Why Wilson matters : the origin of American liberal internationalism and its crisis today / Tony Smith
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Series InformationPrinceton studies in international history and politics.
|Location||Call Number / Copy Notes||Barcode||Shelving Location||Status||Due Date|
|Greenwood PL - Greenwood||NONFICTION 327.73 SMI (Text)||36626103797791||2nd Floor Adult Nonfiction||Available||-|
- ISBN: 9780691171678
- ISBN: 069117167X
- Physical Description: xviii, 332 pages : illustration ; 25 cm
- Publisher: Princeton : Princeton University Press, 
- Copyright: ©2017
|Bibliography, etc. Note:||
Includes bibliographical references (pages 295-320) and index
The liberal internationalist tradition is credited with America's greatest triumphs as a world power-and also its biggest failures. Beginning in the 1940s, imbued with the spirit of Woodrow Wilson's efforts at the League of Nations to "make the world safe for democracy," the United States steered a course in world affairs that would eventually win the Cold War. Yet in the 1990s, Wilsonianism turned imperialist, contributing directly to the invasion of Iraq in 2003 and the continued failures of American foreign policy. Why Wilson Matters explains how the liberal internationalist community can regain a sense of identity and purpose following the betrayal of Wilson's vision by the brash "neo-Wilsonianism" being pursued today. Drawing on Wilson's original writings and speeches, Tony Smith traces how his thinking about America's role in the world evolved in the years leading up to and during his presidency, and how the Wilsonian tradition went on to influence American foreign policy in the decades that followed-for good and for ill. He traces the tradition's evolution from its "classic" era with Wilson, to its "hegemonic" stage during the Cold War, to its "imperialist" phase today. Smith calls for an end to reckless forms of U.S. foreign intervention, and a return to the prudence and "eternal vigilance" of Wilson's own time. Why Wilson Matters renews hope that the United States might again become effectively liberal by returning to the sense of realism that Wilson espoused, one where the promotion of democracy around the world is balanced by the understanding that such efforts are not likely to come quickly and without costs.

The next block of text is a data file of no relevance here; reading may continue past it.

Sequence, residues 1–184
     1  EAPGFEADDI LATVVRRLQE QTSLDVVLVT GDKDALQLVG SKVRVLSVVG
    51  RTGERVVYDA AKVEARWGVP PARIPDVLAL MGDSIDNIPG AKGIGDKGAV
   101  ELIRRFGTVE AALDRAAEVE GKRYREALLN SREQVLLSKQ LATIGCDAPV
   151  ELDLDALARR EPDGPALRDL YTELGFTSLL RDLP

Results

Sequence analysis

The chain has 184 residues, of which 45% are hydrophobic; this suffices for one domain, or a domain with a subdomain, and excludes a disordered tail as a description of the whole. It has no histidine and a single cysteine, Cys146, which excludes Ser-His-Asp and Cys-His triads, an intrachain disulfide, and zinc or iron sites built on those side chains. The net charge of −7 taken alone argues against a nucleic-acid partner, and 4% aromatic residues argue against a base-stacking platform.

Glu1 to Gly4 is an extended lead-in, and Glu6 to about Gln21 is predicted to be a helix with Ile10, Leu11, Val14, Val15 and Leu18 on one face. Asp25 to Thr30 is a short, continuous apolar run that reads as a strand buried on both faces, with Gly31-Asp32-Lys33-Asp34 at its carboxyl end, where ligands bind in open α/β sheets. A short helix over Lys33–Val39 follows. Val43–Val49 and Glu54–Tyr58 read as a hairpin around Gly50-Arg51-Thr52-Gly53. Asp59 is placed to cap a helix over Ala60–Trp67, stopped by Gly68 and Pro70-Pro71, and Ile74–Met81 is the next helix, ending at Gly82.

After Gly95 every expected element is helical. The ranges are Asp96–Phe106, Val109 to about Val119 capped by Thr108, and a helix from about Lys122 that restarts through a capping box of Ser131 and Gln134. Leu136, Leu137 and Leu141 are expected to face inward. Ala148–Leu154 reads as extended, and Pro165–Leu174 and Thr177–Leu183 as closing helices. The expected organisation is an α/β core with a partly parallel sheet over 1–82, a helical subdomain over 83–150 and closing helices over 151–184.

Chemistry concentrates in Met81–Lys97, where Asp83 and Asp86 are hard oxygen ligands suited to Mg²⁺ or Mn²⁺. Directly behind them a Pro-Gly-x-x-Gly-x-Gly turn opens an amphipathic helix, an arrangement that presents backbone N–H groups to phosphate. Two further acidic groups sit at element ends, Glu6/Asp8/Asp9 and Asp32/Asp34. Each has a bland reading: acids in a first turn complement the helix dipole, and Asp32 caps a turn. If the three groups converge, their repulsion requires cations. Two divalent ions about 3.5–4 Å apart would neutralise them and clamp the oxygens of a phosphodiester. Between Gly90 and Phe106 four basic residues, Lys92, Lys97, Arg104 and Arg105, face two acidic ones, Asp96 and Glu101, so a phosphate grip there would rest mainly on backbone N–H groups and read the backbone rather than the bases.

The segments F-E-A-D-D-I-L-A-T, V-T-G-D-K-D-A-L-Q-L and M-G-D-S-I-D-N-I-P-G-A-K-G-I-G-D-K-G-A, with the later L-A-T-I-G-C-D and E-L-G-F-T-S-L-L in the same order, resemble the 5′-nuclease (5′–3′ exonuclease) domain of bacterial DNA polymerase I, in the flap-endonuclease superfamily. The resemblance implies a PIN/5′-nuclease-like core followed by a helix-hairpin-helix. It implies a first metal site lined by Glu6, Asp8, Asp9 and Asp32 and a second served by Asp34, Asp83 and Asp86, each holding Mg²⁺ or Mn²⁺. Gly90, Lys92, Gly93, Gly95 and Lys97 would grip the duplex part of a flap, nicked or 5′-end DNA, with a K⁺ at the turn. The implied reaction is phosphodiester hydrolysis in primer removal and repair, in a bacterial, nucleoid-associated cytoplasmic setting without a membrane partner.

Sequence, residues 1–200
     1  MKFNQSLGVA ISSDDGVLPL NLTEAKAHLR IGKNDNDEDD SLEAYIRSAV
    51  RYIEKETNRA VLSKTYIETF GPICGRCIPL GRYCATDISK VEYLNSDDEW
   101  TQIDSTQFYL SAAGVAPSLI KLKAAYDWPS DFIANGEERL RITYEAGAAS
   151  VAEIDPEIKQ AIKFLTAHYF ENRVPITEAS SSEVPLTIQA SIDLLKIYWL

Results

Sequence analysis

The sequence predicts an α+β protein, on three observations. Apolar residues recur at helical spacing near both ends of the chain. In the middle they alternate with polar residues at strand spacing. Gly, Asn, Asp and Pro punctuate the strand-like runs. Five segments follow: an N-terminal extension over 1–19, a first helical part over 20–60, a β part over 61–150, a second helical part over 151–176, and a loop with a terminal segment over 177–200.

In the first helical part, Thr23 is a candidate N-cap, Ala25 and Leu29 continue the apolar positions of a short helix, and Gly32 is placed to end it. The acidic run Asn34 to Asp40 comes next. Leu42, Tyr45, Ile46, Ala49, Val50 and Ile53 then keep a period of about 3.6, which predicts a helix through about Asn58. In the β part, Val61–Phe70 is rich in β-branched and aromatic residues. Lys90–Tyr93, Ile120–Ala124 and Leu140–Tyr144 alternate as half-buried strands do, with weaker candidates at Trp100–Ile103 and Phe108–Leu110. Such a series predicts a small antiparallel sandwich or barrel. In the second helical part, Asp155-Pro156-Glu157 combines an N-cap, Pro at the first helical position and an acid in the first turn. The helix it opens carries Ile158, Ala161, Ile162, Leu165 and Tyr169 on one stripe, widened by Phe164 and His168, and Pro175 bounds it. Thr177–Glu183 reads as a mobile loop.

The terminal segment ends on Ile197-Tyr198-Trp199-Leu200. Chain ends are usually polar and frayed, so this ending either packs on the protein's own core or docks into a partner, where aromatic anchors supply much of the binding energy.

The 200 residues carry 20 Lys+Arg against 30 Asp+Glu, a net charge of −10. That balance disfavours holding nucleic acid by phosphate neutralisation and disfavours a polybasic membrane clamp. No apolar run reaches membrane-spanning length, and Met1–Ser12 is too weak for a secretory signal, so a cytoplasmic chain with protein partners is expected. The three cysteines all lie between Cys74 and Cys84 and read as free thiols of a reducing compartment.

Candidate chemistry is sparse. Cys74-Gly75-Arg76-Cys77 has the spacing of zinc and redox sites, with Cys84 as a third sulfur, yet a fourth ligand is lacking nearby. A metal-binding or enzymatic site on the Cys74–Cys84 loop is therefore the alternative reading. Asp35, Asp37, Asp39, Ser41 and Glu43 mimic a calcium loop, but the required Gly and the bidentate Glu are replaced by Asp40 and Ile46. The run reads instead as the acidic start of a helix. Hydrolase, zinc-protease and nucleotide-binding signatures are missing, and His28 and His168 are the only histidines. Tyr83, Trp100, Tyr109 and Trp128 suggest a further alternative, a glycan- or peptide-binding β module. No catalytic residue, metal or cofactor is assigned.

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|Subject:||Wilson, Woodrow, 1856-1924 > Influence.
United States > Foreign relations > 21st century.